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He's Ignoring me!

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        01-28-2008, 12:38 PM
      #11
    Yearling
    He is doing a little better because I got off and did some ground work. I reinforced the training I had done with one rein stops and flexing. I will surely try some of the pressure exercises. I worked on stopping and backing since that is a big issue. Then after my ground work, I got back on. My horse is very forward, I don't even think backward is in his vocabulary so I did some intense work on that.

    Every time he walked when I didn't ask him to or didn't stop when I asked him to, I continued to ask him until he stopped and then I backed up to the point where I had him standing or where I first asked him to stop. I was watching him and he was really just being naughty with stopping! He just didn't want to stop so he didn't stop. So, I made him WANT to stop by making him do more work by NOT stopping. :) It worked very well and now he stops great.

    As for turning, ugh. I did an incredible amount of work on this. I pulled with increasing pressure until he gave in the slightest and then gave immediate release. It was like completely teaching a horse to give to pressure all over again. I have gotten him to a point where he is workable but it's a real work out for me to do a lot of turning. He will turn but he is no where near light. I am so confused how this could happen. I was riding him about two maybe three times a week for a month... which is very minimal for me since I was rehabilitating him with the saddle as well as keep his mental state in check with my trainer and then for about a week I didn't ride because I injured my hip down some steps and I was rather stiff. I'd at least saddle him up and do work at least so he didn't forget all of our saddle training but then his give to pressure went down the tubes incredibly fast.

    I'm going out to see him, I will try the pressure exercises that bitless suggested.

    Quote:
    I'm sry but you NEVER NEVER NEVER EVER get off of your horse because he is doing something wrong or not listening. If you do this you are teaching him that every time I do this she will get off.
    What if your horse isn't listening and you feel unsafe? Would that be an exception or should I try to correct the problem THEN get off?
         
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        01-28-2008, 04:50 PM
      #12
    Weanling
    Quote:
    Originally Posted by Abby
    He is doing a little better because I got off and did some ground work. I reinforced the training I had done with one rein stops and flexing. I will surely try some of the pressure exercises. I worked on stopping and backing since that is a big issue. Then after my ground work, I got back on. My horse is very forward, I don't even think backward is in his vocabulary so I did some intense work on that.

    Every time he walked when I didn't ask him to or didn't stop when I asked him to, I continued to ask him until he stopped and then I backed up to the point where I had him standing or where I first asked him to stop. I was watching him and he was really just being naughty with stopping! He just didn't want to stop so he didn't stop. So, I made him WANT to stop by making him do more work by NOT stopping. :) It worked very well and now he stops great.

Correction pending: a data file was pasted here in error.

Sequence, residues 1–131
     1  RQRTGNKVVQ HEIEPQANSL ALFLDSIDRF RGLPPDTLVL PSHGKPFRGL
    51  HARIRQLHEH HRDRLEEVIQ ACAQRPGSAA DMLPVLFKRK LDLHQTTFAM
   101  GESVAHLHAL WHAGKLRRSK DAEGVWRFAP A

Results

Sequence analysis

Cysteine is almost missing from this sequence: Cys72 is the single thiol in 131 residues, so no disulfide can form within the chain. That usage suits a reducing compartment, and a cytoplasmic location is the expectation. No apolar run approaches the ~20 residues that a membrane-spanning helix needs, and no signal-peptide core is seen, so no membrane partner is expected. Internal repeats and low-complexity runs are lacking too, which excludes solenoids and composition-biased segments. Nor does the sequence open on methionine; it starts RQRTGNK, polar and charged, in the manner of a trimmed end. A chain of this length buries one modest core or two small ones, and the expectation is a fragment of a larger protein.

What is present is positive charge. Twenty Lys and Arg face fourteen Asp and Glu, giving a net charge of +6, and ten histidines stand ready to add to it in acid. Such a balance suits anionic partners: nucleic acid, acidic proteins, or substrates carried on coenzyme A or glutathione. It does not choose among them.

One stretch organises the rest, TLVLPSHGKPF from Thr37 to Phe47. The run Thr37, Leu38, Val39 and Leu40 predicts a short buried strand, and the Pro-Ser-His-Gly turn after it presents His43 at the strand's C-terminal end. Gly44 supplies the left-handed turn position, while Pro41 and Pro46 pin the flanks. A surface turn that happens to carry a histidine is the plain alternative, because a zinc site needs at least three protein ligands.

As for turning, ugh. I did an incredible amount of work on this. I pulled with increasing pressure until he gave in the slightest and then gave immediate release. It was like completely teaching a horse to give to pressure all over again. I have gotten him to a point where he is workable but it's a real work out for me to do a lot of turning. He will turn but he is no where near light. I am so confused how this could happen. I was riding him about two maybe three times a week for a month... which is very minimal for me since I was rehabilitating him with the saddle as well as keep his mental state in check with my trainer and then for about a week I didn't ride because I injured my hip down some steps and I was rather stiff. I'd at least saddle him up and do work at least so he didn't forget all of our saddle training but then his give to pressure went down the tubes incredibly fast.

    I'm going out to see him, I will try the pressure exercises that bitless suggested.

    Quote:
    I'm sry but you NEVER NEVER NEVER EVER get off of your horse because he is doing something wrong or not listening. If you do this you are teaching him that every time I do this she will get off.
    What if your horse isn't listening and you feel unsafe? Would that be an exception or should I try to correct the problem THEN get off?
    i think you are doing good so far what works for you is good and what bitless said was also another good thing.

    I still say you should stay on but if it comes to you absolutely feel unsafe at all means and might get terribly hurt then get off. I know how you are feeling because I still can't seem to ride my horse bareback right. He is fine but he starts wanting to do this or that and well now he has it stuck in his head that if he acts as though he is going to buck or rear he can get me off because I got off once when he did that. So that's one of the main reasons I say don't get off. See I knew when I did this that I shouldn't but I felt that if he did buck or rear I wouldn't stay on so I tried to prevent it by getting off. So now i'm screwed trying to find out how to stop him in that and I don't want you to have those same type of situations. I just say if you absolutely know you wont make it through his little fit then sure get off but you are going to have to take a long time and find a new solution after that and it will be hard.